Substance use among American Indians and Alaska natives: incorporating culture in an "indigenist" stress-coping paradigm. (1/58)

OBJECTIVES: This article proposes a new stress-coping model for American Indians and Alaska Natives (AIs) that reflects a paradigmatic shift in the conceptualization of Native health. It reviews sociodemographic information on AIs, rates of substance abuse and related health outcomes, and the research supporting the model's pathways. OBSERVATIONS: Although health outcomes among AIs are improving, large disparities with other racial and ethnic groups in the United States remain. Many health-related problems are directly linked to high rates of substance use and abuse. CONCLUSION: Eurocentric paradigms focus on individual pathology. An "indigenist" perspective of health incorporates the devastating impact of historical trauma and ongoing oppression of AIs. The model emphasizes cultural strengths, such as the family and community, spirituality and traditional healing practices, and group identity attitudes.  (+info)

Khat use as risk factor for psychotic disorders: a cross-sectional and case-control study in Somalia. (2/58)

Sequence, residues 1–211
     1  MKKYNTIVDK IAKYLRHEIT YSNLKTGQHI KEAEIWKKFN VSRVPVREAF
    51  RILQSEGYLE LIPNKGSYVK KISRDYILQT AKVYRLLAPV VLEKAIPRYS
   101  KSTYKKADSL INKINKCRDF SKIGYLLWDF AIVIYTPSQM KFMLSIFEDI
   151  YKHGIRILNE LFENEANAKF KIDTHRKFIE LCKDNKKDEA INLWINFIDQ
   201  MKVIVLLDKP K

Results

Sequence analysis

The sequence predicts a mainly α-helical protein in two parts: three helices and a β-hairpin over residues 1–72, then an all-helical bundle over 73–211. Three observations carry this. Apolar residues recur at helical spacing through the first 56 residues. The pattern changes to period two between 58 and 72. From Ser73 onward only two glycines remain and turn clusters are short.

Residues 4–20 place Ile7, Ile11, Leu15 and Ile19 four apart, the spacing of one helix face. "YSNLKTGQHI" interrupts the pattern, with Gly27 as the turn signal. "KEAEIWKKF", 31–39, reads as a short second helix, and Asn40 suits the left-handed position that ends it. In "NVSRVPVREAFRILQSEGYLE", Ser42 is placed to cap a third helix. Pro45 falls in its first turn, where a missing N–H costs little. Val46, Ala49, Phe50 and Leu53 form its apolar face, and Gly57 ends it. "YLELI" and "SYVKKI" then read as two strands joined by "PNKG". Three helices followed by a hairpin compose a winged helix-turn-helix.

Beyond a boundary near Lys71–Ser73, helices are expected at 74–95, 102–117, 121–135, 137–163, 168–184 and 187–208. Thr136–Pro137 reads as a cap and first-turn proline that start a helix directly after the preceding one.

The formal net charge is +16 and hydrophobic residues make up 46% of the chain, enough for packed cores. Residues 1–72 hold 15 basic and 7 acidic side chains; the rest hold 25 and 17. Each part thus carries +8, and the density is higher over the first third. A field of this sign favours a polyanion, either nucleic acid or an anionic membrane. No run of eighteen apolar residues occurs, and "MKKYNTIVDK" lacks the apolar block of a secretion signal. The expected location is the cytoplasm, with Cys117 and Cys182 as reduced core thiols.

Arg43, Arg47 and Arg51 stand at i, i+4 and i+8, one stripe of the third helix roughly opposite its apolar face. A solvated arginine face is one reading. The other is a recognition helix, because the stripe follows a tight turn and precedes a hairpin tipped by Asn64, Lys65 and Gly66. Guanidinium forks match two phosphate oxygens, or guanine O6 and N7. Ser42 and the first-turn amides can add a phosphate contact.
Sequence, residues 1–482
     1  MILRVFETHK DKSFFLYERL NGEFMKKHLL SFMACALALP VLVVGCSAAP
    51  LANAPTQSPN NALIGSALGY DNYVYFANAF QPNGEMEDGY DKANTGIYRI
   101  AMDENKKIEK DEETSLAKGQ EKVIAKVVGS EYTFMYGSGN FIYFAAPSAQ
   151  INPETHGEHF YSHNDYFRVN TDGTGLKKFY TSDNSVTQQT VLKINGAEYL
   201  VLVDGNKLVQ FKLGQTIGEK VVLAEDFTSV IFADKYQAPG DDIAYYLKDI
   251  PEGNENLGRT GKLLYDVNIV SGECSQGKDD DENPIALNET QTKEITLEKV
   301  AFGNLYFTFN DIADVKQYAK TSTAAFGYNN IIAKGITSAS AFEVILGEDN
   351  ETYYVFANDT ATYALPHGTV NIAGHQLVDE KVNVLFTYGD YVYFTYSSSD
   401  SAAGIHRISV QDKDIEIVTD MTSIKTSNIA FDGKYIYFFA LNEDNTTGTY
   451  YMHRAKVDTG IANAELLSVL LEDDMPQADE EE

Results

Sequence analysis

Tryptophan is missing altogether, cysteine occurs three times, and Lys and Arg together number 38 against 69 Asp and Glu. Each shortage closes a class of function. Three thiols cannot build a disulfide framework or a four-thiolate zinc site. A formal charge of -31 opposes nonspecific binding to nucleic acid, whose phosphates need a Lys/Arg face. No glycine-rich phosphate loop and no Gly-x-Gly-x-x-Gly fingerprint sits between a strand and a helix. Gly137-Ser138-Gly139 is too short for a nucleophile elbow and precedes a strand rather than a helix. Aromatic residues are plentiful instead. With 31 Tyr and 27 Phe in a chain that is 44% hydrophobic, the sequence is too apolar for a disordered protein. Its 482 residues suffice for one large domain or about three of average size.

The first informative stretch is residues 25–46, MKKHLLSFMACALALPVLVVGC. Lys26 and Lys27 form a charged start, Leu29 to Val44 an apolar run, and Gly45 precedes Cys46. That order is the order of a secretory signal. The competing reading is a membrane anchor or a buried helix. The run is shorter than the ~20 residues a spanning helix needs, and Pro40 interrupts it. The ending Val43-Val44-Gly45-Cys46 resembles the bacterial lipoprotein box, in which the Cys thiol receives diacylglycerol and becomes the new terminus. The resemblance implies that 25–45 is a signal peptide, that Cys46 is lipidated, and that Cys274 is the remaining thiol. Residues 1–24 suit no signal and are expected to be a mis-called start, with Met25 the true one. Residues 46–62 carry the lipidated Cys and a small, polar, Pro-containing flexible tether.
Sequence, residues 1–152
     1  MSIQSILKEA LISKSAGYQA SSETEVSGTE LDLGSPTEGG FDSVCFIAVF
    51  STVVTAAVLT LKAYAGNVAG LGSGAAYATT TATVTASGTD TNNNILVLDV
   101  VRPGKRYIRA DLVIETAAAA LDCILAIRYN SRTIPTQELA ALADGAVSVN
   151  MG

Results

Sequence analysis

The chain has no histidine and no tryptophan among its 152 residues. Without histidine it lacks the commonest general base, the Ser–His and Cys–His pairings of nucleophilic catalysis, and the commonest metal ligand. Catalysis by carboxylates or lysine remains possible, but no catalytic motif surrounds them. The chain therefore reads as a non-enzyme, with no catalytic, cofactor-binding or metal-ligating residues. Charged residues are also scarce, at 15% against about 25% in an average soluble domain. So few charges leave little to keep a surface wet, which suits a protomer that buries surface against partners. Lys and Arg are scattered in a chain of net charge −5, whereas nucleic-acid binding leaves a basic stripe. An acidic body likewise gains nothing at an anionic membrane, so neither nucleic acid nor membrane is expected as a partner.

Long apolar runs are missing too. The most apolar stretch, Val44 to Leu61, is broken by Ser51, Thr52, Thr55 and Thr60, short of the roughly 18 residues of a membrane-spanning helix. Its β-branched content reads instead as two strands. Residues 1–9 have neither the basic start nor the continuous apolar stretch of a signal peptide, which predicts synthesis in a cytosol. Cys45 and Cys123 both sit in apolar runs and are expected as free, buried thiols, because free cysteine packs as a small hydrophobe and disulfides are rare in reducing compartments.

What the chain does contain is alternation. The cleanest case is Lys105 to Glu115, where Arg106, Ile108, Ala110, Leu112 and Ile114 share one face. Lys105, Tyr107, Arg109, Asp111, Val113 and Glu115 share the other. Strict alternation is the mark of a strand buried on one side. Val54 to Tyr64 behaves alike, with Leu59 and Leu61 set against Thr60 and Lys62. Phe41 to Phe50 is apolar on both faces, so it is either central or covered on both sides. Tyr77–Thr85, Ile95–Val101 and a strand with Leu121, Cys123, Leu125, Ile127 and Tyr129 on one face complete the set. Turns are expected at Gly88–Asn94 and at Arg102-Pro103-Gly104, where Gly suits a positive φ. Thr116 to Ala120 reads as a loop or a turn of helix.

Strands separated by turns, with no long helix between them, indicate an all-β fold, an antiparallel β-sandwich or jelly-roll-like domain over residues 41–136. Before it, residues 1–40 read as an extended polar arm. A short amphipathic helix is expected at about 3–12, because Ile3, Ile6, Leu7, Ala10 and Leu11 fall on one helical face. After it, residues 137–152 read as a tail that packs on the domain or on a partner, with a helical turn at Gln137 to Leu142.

BACKGROUND: Little is known about the prevalence of khat-induced psychotic disorders in East African countries, where the chewing of khat leaves is common. Its main psycho-active component cathinone produces effects similar to those of amphetamine. We aimed to explore the prevalence of psychotic disorders among the general population and the association between khat use and psychotic symptoms. METHODS: In an epidemiological household assessment in the city of Hargeisa, North-West Somalia, trained local interviewers screened 4,854 randomly selected persons from among the general population for disability due to severe mental problems. The identified cases were interviewed based on a structured interview and compared to healthy matched controls. Psychotic symptoms were assessed using the items of the WHO Composite International Diagnostic Interview and quantified with the Positive and Negative Symptoms Scale. Statistical testing included Student's t-test and ANOVA. RESULTS: Local interviewers found that rates of severe disability due to mental disorders were 8.4% among males (above the age of 12) and differed according to war experiences (no war experience: 3.2%; civilian war survivors: 8.0%; ex-combatants: 15.9%). The clinical interview verified that in 83% of positive screening cases psychotic symptoms were the most prominent manifestations of psychiatric illness. On average, cases with psychotic symptoms had started to use khat earlier in life than matched controls and had been using khat 8.6 years before positive symptoms emerged. In most cases with psychotic symptoms, a pattern of binge use (> two 'bundles' per day) preceded the onset of psychotic symptoms, in contrast to controls of the same age. We found significant correlations between variables of khat consumption and clinical scales (0.35 to 0.50; p < 0.05), and between the age of onset of khat chewing and symptom onset (0.70; p <0.001). CONCLUSION: Evidence indicates a relationship between the consumption of khat and the onset of psychotic symptoms among the male population, whereby not the khat intake per se but rather early onset and excessive khat chewing seemed to be related to psychotic symptoms. The khat problem must be addressed by means other than prohibition, given the widespread use and its role in Somali culture.  (+info)